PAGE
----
The discriminative nature of privatization in Manitoba

Disguised in a rainbow flag, Manitoba’s privatization plans hit LGBTTQ* community hardest

After two complaints regarding the lack of mandatory education on sexuality and gender diversity were filed with the Manitoba Human Rights Commission in 2017, the commission’s investigative team prepared a 40-page report finding that the province discriminates against LGBTTQ* people through exclusion from the curriculum.

These findings were effectively buried by the commission’s board — made up of political appointees by the provincial government — until the complainants recently brought the province to court.

Discussions around sexuality and gender diversity have long been considered sensitive topics by the province, allowing parents to pull their children from these discussions — potentially allowing for parents to pass on their reactionary views unchallenged by the government.

Of course, this can become a major point of contention — do parents have the right to pass bigotry on to their children?

It seems almost nonsensical to defend one’s right to make society more dangerous and exclusionary for groups that have already been marginalized for as long as we can remember.

Education is only one part of an overall strategy for eradicating patriarchy — in this case homophobia and lionization of the nuclear family. But understanding the province’s actions when it comes to the treatment of LGBTTQ* people, which mainly perpetuate less overt forms of discrimination through structural means, like exclusion from curriculums, is key to understanding how fundamentally incompatible conservative ideology is with the rights of these groups.

Without an understanding of how patriarchy is structurally reinforced by Manitoba’s PC-led government, including through the government’s attempts at pink-washing itself by running a gay candidate in the recent provincial election — stressing that it’s somehow possible to separate social policy from economic policy and political ideology — and attending Winnipeg’s Pride parade, it remains easy for the government to continue structural oppression while winning points for their performance as so-called allies.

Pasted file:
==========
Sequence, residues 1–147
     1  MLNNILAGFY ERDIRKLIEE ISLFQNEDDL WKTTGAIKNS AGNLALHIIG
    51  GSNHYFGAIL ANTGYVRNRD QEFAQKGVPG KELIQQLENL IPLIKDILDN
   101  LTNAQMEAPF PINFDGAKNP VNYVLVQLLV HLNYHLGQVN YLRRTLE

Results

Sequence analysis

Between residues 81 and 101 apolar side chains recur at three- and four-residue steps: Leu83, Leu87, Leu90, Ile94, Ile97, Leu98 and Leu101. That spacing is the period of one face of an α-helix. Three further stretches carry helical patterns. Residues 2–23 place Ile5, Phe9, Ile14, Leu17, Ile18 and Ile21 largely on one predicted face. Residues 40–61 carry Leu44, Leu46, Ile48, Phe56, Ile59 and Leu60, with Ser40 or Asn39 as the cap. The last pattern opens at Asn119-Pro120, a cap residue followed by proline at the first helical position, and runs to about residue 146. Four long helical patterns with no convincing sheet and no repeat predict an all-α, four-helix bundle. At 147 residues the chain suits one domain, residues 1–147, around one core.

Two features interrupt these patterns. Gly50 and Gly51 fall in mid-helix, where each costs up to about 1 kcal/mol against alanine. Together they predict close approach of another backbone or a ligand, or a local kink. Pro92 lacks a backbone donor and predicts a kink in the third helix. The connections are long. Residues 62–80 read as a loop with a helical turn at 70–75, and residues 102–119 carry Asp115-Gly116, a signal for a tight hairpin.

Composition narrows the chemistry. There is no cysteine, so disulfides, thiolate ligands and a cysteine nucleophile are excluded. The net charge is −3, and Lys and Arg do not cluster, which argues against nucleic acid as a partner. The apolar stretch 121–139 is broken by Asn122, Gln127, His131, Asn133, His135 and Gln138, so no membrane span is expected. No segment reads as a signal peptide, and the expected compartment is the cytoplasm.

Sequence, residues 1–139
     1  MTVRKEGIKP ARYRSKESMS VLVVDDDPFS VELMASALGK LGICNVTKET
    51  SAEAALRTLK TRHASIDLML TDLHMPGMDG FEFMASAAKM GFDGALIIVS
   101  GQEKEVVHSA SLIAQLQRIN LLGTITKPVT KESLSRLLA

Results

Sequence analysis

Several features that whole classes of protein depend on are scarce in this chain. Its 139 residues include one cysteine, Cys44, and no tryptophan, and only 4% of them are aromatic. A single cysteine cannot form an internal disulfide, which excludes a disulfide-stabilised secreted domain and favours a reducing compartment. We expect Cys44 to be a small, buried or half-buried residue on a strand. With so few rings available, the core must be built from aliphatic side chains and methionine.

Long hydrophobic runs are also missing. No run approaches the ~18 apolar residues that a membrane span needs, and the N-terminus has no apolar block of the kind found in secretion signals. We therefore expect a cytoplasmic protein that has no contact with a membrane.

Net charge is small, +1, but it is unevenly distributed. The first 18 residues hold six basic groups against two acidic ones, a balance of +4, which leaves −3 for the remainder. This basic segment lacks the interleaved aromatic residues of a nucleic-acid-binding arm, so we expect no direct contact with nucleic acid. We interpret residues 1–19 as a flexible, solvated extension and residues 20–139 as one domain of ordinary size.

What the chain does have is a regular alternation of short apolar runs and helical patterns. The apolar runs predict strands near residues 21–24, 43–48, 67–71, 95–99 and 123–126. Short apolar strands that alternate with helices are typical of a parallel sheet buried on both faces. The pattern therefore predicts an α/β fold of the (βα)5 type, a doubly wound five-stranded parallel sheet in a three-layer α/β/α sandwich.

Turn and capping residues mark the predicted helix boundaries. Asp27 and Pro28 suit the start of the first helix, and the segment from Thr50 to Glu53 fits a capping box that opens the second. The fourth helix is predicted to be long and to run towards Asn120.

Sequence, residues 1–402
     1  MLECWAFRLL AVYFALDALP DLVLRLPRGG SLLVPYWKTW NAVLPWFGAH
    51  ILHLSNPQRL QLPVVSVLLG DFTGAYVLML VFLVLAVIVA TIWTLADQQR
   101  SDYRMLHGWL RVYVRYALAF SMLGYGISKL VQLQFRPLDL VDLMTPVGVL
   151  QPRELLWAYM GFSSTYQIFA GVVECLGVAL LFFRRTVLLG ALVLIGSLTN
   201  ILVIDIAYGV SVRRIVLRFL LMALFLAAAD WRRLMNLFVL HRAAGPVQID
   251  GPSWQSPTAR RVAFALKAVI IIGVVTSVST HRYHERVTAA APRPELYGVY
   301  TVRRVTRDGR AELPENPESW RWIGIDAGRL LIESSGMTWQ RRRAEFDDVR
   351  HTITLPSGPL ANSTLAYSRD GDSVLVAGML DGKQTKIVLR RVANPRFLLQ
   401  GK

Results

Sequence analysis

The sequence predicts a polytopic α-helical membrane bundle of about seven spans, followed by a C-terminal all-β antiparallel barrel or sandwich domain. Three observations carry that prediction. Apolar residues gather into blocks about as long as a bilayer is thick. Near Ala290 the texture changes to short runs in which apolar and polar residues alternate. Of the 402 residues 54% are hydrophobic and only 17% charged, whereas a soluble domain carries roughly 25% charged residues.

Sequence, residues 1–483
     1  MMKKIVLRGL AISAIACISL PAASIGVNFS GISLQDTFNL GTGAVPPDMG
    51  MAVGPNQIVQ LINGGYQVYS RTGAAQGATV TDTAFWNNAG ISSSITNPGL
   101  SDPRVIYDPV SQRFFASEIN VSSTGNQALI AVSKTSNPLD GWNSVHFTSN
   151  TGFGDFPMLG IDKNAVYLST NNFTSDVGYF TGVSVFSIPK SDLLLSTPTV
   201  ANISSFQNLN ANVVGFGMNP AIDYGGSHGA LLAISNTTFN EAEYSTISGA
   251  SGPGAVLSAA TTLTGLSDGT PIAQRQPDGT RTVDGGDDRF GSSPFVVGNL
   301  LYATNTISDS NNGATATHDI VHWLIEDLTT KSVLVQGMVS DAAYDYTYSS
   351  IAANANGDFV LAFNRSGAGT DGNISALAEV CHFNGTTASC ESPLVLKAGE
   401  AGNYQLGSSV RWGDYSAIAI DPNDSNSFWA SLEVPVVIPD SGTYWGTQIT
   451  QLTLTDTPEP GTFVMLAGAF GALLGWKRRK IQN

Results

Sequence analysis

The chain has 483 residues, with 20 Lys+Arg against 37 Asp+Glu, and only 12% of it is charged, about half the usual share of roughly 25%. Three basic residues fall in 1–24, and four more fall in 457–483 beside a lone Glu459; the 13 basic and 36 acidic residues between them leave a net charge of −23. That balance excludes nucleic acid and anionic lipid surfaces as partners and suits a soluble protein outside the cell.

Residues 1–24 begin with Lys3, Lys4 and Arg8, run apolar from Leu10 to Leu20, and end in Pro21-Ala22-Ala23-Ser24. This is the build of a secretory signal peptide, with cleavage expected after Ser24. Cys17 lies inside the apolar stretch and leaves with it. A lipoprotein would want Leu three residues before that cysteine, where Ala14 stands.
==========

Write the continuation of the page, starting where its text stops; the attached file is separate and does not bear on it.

Given this cover, the government maintains a sense of plausible deniability.

After all, they go to Pride. There are members of the party from the community. How could they possibly be perpetuating structural oppression?

Such a strategy makes it easier to dismiss these types of complaints as nothing but hysteria — as if the Public Interest Law Centre (PILC) is being privatized for financial reasons, not because it makes marginalized people less able to fight for their rights in the legal system.

It makes politics one-sided, where only the government and those with the resources are capable of engaging in political struggle in a way seen as legitimate, and even then it is in a de-politicized way that presents these actions as necessary, even inevitable given the financial state of our province.

We need to be diligent in countering these narratives — we do not need to accept Margaret Thatcher’s idea that “there is no alternative.” What is and is not included in curriculums, and whether PILC remains publicly funded is indeed deeply political. Even the PC-led government’s stated goals of balancing the budget, while veiled in technocratic rhetoric of just doing what works, is intended to depoliticize a program of marginalizing people through both economic and political means.

Neoliberalism like that practiced by the Manitoba government will only continue to deliver policies that disproportionately harm marginalized communities. At this point what we need to do is make sure to take note of what’s happening on a structural level and expose it for what it is. At the very least, we need to make clear that these political decisions are understood as political — empowering some groups, in this case the parts of the base of the PC party that benefit from austere fiscal policy and continued bigotry at the expense of the rest of us.

Pink-washing is becoming more and more common among major banks and businesses, cops and the military, politicians of all stripes and even institutions like universities. What ultimately matters is how their actions impact these communities, especially the most marginalized segments.